Explaining the Virtual Cemetery and Listings
When asked to help Donna Lowery on this book project, I knew what my part would be before she said a word. I have been doing family research for nearly 10 years and www.findagrave. com has helped me so much. When I retired in 2010 and came back home, I found that the local cemeteries where the parents and grandparents of all my childhood friends are buried had not been recorded. The first two years of my retirement, I was always in the cemeteries taking pictures of headstones or on the computer recording burials out of the Cemetery books for the three counties around where I grew up. Now I am looking at every site I can for references to any deceased veteran and checking to make sure their lives are recorded on "Find a Grave" so their service to their country will not be forgotten. I created the Vietnam Women Veterans Virtual Cemetery where memorials created to honor our deceased sisters can be easily accessed. I am especially proud to do this for all the women who served their country. May their sacrifice for their country and place in history never be forgotten!! ~ Marsha D. "Cricket" Holder ~
There is no way to adequately express gratitude to someone who routinely stays up until midnight, searching through files and internet pages, trying to locate women who served in Vietnam. The original list used for this book had 570 names. As the book gets ready to go to press, it has more than 1,000 women listed. It is a work-in-progress.
Chronological listings of the women based on their arrival dates in Vietnam are in the following chapters, 1962 – 1972. Each woman is identified with four or more lines of information that detail her name(s), dates in country, highest rank in country, service and duty assignment(s) while there. The infographic shows the structure of the information. We hope future researchers and genealogists will find this useful. A few of the women were married when they arrived in Vietnam, but the majority of them were not.
An Image Index lists credits and sources for the images used throughout the book. Many women sent pictures, but we are especially indebted to Vietnam Women Veterans, Inc.; the Women in Military Service for America Memorial Foundation Register; and the US Army Women's Museum for their contributions.
Throughout the chronological chapters listing the women, there are some Memory Lane and Songs entries. Sometimes a reference to music or what was happening in the States will evoke stronger memories of the time than simply seeing the year listed.
All information related to a specific field has its own language, and this is especially true of the military. Where possible, terms and labels have been spelled out, but there are a few acronyms used throughout the book and they are listed here.
Army Medical Specialist Corps
Biomedical Sciences Corps
BOQ/BEQ Bachelor Quarters, both Officer and Enlisted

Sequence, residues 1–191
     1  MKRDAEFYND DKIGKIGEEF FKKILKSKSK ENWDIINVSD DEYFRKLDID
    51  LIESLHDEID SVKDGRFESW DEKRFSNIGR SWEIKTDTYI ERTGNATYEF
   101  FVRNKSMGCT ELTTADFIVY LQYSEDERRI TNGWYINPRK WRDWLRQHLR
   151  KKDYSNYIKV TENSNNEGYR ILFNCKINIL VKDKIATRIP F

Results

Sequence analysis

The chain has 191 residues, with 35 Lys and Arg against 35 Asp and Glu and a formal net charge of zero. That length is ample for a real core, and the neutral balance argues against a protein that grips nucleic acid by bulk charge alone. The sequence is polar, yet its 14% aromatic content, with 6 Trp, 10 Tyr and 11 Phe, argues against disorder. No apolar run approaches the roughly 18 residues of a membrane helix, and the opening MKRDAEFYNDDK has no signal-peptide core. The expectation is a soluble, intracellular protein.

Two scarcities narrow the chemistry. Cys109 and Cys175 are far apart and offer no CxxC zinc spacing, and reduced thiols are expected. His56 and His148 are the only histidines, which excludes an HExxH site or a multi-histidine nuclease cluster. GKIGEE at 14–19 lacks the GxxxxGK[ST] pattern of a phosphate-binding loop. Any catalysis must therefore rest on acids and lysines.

Charge of Quarters
Military Assistance Command, Vietnam
NAVFORV Naval Forces, Vietnam
Rest and Recuperation
Southeast Asia Treaty Organization
USAHAC US Army Headquarters Area Command
United States Army, Vietnam
United Service Organizations
Veterans of Foreign Wars
Women's Armed Forces Corps
Women in Military Service for America
Welcome to Vietnam
Compiled by Joanne Murphy Second WAC Detachment Commander
All work and no play makes Private "I 'borrowed' a jeep" Jones and Specialist "I clung for dear life to a McGuire lift" Smith very dull girls. The women worked 12-14 hour days, oftentimes seven days a week. Most of them were young, full of energy, and, even though tired from their long hours at the office, they wanted to drink in all that this unique assignment offered them. The following pages are a glimpse into their off-duty hours, their happy, fun-loving times, their love and respect for each other, the lifelong friendships made, their compassion for the orphans, and their deep concern for our fighting men. There are first-hand accounts of key events in the Vietnam conflict. The activation of the first WAC Detachment in a combat zone since World War II is discussed. Tet Offensive experiences are shared.
Calendar of Events
MAJ Anne Marie Doering arrives, first WAC officer to serve in Vietnam
First WAC Officer and NCO Advisors to the WAFC arrive; first seven stenographers arrive
Additional women arrive and begin serving in staff officer jobs; first Navy Medical Service Corps women begin serving on USS Repose and USS Sanctuary
March – Capt L. Jane Struthers, first Air Force line officer, arrives; first Army physical therapist, MAJ Barbara Gray, arrives
May – First Army dietitian consultant, LTC Patricia Accountius, arrives
October –1SG Marion C. Crawford, hand-picked to activate the first WAC Detachment in Vietnam and the first in a combat zone since WWII, and her Field First/Admin NCO, SFC Betty J. Benson, arrive
October 31 – CPT Peggy E. Ready, handpicked to be the first Commanding Officer of the WAC Detachment, arrives
November 1 – Groundbreaking Ceremony for the new WAC compound at Tan Son Nhut
November – SSG Edith "Effie" Efferson, first WAC Detachment Supply Sergeant, arrives
December 17 – Hank Snow Show – Mortar fire rages all around; the air is filled with the sound of B-52s bombing. Those in the audience stay pretty calm, but Hank can hardly sing! Can't help but notice that Hank's wife has her running shoes on! Nancy Sinatra, who accompanied Hank, changes the words of her big hit to "These boots were made for running!" Once the show is over, all the entertainers make a rapid exit.
December 24 – Bob Hope Show – Accompanying Bob is his wife Delores, Phyllis Diller, Anita Bryant, Vic Damone and Joey Heatherton. What a great show! Sitting in the sun for three hours meant blisters. Oooh! Pain! But, more than worth it.
December 24 – Francis Joseph Cardinal Spellman, Archbishop of New York, celebrates an outdoor Mass. Cardinal Spellman supports US involvement in Vietnam
December 27 – A Protestant Chaplain brings a small, standard size French poodle to the WAC Detachment. 1SG Marion Crawford becomes her owner and names her Ko-Ko. Unit mascot position filled!
First Air Force Biomedical Sciences Corps dietitian, Capt Joan Kyllo, arrives in Vietnam
January 12-17 – The first group of Army enlisted women arrive, 35 E4s. Two have just come off their honeymoons. Two women have spouses already in country.